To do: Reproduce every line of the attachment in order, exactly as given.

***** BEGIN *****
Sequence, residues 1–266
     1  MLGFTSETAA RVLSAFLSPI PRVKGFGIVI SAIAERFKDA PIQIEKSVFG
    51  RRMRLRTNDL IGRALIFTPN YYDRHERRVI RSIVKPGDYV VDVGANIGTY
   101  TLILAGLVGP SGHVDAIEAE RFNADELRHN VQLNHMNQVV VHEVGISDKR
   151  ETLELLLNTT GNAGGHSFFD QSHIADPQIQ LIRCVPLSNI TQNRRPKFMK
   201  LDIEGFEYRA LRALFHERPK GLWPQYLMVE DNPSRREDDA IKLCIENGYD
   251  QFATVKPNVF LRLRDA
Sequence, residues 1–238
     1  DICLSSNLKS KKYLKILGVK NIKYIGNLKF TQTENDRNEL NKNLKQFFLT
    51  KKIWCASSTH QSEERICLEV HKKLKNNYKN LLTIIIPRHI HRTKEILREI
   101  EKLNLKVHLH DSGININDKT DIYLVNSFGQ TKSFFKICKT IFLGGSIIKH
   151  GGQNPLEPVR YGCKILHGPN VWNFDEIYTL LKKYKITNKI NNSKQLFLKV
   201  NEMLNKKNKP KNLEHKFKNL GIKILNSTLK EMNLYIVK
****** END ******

Sequence, residues 1–266
     1  MLGFTSETAA RVLSAFLSPI PRVKGFGIVI SAIAERFKDA PIQIEKSVFG
    51  RRMRLRTNDL IGRALIFTPN YYDRHERRVI RSIVKPGDYV VDVGANIGTY
   101  TLILAGLVGP SGHVDAIEAE RFNADELRHN VQLNHMNQVV VHEVGISDKR
   151  ETLELLLNTT GNAGGHSFFD QSHIADPQIQ LIRCVPLSNI TQNRRPKFMK
   201  LDIEGFEYRA LRALFHERPK GLWPQYLMVE DNPSRREDDA IKLCIENGYD
   251  QFATVKPNVF LRLRDA
Sequence, residues 1–238
     1  DICLSSNLKS KKYLKILGVK NIKYIGNLKF TQTENDRNEL NKNLKQFFLT
    51  KKIWCASSTH QSEERICLEV HKKLKNNYKN LLTIIIPRHI HRTKEILREI
   101  EKLNLKVHLH DSGININDKT DIYLVNSFGQ TKSFFKICKT IFLGGSIIKH
   151  GGQNPLEPVR YGCKILHGPN VWNFDEIYTL LKKYKITNKI NNSKQLFLKV
   201  NEMLNKKNKP KNLEHKFKNL GIKILNSTLK EMNLYIVK